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Thursday
Mar252010

Self-Publishing Mom Series: Momasphere Interviews Four Inspirational Moms

In this digital era, it seems like every day brings new changes to how we read and get information. While reputable newspapers and multi-national publishers are reeling from this new world order, these transformations have also invited great opportunity for the common mom. Self-publishing has become an attractive alternative to going the traditional publishing route.  Momasphere caught up with four self-published moms who have each successfully followed their hearts to produce high-quality, well-received books. Most of these moms miraculously continued to juggle full-time work while getting their projects off the ground. While their books appeal to a wide range of interests and audiences in very different markets, they share a passion for their projects that undoubtedly propelled them forward. Their responses to our questions were downright inspiring. If you would like to share your story of self-publishing with Momasphere, please send an email to ellen@momasphere.com with Self-Publishing in the Subject Line. Or comment here to start a dialogue!

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Thursday
Mar252010

Momasphere Members Have A Chance to Win Free Tickets to Mating in Captivity Discussion!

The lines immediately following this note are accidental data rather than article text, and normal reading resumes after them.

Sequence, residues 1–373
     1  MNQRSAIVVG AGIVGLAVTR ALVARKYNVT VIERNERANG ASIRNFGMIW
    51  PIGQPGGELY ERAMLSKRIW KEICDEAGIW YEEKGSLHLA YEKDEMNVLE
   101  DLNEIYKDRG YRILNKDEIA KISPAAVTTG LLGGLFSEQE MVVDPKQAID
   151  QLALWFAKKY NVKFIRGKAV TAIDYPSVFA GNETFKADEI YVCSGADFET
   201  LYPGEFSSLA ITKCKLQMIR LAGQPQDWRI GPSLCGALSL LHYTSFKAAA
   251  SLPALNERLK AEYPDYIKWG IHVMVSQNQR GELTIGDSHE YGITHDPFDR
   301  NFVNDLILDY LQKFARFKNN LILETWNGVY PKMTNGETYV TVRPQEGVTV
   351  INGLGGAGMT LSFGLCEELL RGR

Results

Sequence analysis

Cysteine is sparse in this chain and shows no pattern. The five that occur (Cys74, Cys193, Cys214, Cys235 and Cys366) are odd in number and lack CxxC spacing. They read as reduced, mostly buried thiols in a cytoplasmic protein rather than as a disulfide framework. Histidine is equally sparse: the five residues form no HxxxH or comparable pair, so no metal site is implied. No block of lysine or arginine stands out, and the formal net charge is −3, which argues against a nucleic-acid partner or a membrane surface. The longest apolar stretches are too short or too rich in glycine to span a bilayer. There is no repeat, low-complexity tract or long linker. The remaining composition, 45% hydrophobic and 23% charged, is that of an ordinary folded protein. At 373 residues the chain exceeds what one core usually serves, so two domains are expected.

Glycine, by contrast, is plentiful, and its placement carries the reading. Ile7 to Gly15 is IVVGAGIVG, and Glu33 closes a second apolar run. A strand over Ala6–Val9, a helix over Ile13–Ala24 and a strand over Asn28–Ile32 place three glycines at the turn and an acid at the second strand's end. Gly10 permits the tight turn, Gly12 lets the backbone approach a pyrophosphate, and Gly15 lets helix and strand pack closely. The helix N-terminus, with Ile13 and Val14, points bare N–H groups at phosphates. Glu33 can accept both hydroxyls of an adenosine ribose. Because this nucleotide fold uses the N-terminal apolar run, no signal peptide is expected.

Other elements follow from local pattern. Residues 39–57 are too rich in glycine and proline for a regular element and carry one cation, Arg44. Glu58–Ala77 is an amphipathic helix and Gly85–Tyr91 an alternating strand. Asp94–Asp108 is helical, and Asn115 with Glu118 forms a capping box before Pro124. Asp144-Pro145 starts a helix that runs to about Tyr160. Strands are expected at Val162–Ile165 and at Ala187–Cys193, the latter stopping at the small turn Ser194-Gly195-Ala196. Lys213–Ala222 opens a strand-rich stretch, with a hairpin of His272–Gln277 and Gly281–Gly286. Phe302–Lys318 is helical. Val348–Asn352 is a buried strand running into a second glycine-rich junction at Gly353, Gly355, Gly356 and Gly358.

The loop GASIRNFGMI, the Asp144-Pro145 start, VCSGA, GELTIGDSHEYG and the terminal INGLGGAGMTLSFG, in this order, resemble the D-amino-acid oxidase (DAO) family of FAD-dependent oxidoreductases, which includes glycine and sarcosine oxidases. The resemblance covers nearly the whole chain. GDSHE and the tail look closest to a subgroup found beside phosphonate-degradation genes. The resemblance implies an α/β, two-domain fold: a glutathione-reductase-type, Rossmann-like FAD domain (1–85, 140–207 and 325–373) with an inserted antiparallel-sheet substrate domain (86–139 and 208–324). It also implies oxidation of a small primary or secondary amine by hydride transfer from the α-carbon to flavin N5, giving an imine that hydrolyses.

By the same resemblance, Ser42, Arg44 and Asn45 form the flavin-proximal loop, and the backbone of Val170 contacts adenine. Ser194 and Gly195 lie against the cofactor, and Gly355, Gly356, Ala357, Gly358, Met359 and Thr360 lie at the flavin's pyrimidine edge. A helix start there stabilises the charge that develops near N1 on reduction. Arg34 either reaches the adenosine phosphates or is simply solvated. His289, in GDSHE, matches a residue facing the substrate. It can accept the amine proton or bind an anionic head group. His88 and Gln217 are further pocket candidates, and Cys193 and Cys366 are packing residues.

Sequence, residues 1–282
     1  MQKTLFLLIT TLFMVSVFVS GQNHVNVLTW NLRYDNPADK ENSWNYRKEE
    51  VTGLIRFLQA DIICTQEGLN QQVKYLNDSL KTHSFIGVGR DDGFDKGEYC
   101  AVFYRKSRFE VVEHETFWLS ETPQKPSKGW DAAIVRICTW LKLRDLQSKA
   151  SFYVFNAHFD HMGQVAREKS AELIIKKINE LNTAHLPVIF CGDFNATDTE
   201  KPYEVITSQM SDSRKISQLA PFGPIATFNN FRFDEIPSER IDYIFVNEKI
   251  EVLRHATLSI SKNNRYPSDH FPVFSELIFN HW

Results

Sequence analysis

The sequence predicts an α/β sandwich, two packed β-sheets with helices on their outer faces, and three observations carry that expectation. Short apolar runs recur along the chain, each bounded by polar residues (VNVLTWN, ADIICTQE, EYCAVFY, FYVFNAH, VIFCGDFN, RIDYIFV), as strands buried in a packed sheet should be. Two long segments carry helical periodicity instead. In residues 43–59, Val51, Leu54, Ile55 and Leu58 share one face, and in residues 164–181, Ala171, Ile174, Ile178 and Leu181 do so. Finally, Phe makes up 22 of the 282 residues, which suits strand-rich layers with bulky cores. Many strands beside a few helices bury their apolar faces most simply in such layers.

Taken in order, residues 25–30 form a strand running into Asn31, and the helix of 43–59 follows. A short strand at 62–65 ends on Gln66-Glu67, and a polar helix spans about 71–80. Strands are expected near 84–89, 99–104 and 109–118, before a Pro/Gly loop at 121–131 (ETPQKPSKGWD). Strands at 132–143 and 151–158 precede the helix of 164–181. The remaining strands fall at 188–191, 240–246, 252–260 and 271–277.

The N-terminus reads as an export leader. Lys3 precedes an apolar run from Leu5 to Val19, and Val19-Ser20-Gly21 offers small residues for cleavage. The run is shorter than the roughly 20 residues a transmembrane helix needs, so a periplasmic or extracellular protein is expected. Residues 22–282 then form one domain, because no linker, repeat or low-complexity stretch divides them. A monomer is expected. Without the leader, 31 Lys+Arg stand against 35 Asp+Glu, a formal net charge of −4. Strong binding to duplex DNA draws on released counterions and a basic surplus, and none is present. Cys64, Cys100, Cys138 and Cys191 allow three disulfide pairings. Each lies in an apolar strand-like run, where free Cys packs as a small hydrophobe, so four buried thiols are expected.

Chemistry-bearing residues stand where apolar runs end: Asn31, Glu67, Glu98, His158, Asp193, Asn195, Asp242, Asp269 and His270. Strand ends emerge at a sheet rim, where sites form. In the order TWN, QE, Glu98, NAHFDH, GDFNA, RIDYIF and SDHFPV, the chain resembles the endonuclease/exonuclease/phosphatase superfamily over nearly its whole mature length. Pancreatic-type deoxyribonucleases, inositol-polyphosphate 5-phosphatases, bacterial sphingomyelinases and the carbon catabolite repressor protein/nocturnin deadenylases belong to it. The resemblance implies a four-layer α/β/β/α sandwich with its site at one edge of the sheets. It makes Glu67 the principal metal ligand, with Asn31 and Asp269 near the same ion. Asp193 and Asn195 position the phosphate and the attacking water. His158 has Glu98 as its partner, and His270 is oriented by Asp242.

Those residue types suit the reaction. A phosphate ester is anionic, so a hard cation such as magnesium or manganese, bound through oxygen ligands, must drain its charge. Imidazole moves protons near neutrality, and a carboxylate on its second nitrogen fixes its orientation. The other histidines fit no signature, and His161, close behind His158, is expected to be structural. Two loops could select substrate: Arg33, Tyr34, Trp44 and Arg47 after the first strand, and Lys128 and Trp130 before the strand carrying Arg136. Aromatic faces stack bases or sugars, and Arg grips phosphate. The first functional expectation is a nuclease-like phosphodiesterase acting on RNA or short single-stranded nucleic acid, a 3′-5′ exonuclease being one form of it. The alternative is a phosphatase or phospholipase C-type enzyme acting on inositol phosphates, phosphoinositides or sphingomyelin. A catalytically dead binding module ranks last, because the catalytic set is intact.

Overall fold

Click here to fill out a super short Momasphere survey for a chance to win a free ticket to A Discussion with Author Esther Perel, Mating in Captivity: Reconciling the Erotic and the Domestic - courtesy of In Good Company. Momasphere will notify ten lucky winners by midday (EST)Tues, April 6th! Good Luck!

Mating in Captivity: Reconciling the Erotic and the Domestic - A Discussion with author Esther Perel on April 6, 6:30-8:30pm (NYC location to be announced to winners via email)

Esther Perel takes on these tough questions, grappling with the obstacles and anxieties that arise when our quest for secure love conflicts with our pursuit of passion. She invites us to explore the paradoxical union of domesticity and sexual desire, and explains what it takes to bring lust home.

A Momasphere favorite, In Good Company's (IGC) mission is to elevate the status of women entrepreneurs by providing solutions and connections that enhance the success of women-led ventures. IGC offers its members the three essential elements every successful business needs: productive workspace, powerful connections and effective ideas.